Saturday, April 27, 2013

1764 Beans - Virginian John Randolph's 1727-1784 Treatise on Gardening 1764


A Treatise on Gardening Written by a native of this State (Virginia)
Author was John Randolph (1727-1784)
Written in Williamsburg, Virginia about 1765
Published by T. Nicolson, Richmond, Virginia. 1793
The only known copy of this booklet is found in the Special Collections of the Wyndham Robertson Library at Hollins University in Roanoke, Virginia.

Beans

Beans...gr. to eat, delight in a fine rich stiff soil, without dung, though that must be supplied where the lands are poor. To have fine beans, especially of the Windsor sort, which are much the best, they ought to be planted six inches asunder, in rows three feet distant from one another, in the, wane of the moon, (as it is vulgarly said) and under a hedge, which serves for a shelter. When the flowers begin to open towards the bottom of the stalk, the tops should be pinched off, though it is as good a season as any to do it in, when the blossoms are well blown and set. If you want an early crop, plant them in October, and hill them up as they grow, and shelter them; if a second crop, cut them down within two or three inches of the ground before they bear fruit. Don't pull the bean, cut it with a knife. The first production is the properest of all seeds for sowing. When the seed is ripe, you must pull up the stalks and sun them, observing to turn them every day or two. Beans, like all other seed, degenerate in the same ground, wherefore it is advisable to change your seed, and the beds they grew in.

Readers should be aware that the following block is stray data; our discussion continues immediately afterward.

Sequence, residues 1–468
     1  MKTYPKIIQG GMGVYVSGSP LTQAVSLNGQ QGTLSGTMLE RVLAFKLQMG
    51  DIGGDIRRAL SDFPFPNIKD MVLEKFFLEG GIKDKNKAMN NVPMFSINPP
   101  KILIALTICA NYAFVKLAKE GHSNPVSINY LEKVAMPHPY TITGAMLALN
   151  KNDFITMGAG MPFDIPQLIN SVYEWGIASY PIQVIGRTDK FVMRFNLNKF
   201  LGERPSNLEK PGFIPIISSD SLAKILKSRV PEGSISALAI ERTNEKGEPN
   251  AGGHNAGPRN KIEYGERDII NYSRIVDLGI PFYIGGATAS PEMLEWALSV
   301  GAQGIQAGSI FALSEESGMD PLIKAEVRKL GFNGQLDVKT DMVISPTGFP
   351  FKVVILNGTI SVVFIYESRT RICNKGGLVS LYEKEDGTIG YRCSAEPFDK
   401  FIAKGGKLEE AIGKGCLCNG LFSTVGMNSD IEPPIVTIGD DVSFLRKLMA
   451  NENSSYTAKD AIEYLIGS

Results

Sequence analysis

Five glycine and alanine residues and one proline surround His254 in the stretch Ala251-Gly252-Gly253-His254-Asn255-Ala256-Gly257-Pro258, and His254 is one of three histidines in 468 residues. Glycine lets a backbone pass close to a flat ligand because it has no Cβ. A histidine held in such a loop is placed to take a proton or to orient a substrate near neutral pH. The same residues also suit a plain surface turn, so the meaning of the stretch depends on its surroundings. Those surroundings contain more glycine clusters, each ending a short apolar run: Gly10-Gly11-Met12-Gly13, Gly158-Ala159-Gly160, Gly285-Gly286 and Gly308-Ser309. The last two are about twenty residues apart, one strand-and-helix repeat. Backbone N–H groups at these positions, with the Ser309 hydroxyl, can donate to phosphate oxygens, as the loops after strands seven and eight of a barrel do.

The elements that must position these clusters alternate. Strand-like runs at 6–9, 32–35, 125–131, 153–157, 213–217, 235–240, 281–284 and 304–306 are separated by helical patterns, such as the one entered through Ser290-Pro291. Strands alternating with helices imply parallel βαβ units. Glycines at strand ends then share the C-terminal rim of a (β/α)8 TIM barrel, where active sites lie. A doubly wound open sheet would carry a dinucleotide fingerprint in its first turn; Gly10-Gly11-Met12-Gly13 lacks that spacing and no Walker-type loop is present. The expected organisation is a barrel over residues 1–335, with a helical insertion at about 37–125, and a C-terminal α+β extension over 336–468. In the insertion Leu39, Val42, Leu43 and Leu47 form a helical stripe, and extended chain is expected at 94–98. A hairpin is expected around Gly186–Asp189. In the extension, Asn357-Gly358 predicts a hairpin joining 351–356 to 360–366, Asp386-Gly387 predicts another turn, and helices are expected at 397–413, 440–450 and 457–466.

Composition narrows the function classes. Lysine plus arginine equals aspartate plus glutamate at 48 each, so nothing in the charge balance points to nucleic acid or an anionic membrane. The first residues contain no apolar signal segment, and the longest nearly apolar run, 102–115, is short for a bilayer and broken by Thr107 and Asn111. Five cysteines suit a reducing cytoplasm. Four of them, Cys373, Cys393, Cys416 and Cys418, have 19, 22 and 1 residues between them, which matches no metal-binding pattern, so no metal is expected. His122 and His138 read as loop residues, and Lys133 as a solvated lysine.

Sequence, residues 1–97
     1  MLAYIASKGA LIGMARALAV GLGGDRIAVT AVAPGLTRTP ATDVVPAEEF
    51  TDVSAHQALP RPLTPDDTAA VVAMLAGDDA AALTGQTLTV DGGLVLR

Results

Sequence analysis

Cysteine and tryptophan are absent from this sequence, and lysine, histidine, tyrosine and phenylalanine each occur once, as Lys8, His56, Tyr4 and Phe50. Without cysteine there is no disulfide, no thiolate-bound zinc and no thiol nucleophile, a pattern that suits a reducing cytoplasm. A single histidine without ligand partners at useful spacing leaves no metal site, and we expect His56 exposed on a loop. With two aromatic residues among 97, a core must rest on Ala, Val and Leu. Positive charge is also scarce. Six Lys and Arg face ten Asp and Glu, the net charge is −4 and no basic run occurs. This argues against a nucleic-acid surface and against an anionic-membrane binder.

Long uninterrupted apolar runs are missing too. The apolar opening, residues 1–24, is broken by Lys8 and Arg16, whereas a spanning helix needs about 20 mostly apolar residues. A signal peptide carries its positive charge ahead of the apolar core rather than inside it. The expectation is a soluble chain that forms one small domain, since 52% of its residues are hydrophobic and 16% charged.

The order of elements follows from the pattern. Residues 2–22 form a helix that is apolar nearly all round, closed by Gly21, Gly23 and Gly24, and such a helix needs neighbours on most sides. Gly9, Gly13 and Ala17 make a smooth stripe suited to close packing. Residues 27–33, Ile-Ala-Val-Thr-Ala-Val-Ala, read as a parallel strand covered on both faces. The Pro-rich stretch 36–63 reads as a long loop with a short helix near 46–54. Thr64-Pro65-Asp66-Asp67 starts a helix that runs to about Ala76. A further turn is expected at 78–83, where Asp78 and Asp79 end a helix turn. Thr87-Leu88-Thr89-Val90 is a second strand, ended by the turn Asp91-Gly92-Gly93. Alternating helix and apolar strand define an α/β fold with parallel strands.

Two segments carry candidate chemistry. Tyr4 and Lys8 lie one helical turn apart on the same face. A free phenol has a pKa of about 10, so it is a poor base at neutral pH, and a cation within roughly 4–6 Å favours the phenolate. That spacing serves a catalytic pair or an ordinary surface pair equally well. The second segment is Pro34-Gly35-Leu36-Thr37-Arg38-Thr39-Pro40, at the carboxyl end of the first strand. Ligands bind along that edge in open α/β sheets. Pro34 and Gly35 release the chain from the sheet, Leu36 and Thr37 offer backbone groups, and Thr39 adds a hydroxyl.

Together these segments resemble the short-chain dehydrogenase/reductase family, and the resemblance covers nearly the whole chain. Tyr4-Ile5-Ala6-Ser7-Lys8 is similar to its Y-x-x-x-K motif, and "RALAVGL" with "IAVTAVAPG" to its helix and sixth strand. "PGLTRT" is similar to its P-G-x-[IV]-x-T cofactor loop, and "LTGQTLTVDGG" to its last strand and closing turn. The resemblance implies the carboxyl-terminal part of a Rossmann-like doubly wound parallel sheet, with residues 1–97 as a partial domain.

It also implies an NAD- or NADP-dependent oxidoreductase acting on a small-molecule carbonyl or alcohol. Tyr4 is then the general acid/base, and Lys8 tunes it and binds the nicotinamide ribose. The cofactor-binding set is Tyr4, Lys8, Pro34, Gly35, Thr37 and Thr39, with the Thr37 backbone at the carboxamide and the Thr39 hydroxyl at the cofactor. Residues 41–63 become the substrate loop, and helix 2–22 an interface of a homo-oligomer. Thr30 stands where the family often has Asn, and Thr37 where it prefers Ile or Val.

Kidney Bean, Phaseotus, a long swift ship, which the husk resembles, may be planted in March; if sooner, they must be well sheltered, for they are easily killed, in a light fertile soil, in trenches about two and a half feet asunder, each grain two inches distant from the next, and one inch deep. They will not bear transplanting. They should be planted in a dry season. The Dutch sort, which is the common kind, should be stuck, otherwise they will lie on the ground and rot. This sort, if stuck, grow to a great height, and afford a constant succession. A second sowing will supply you sufficiently the season. If, when you plant, it should be a dry season, water the furrows or trenches before you drop the seed in. French Beans and snaps are the same. The Dutch sort are not so apt to be stringy, which the dwarf sort are.

Bushel or Sugar Beans, being of a tender nature, should not be planted till April, which is the best season, in hills made light and rich, about three to the hill, so as to admit a stake in the middle of them. They will grow round the stake to a great height, will bear very profusely, and continue till destroyed by frost. They are esteemed very delicate, and are of various colours, as white, marbled, green, etc.
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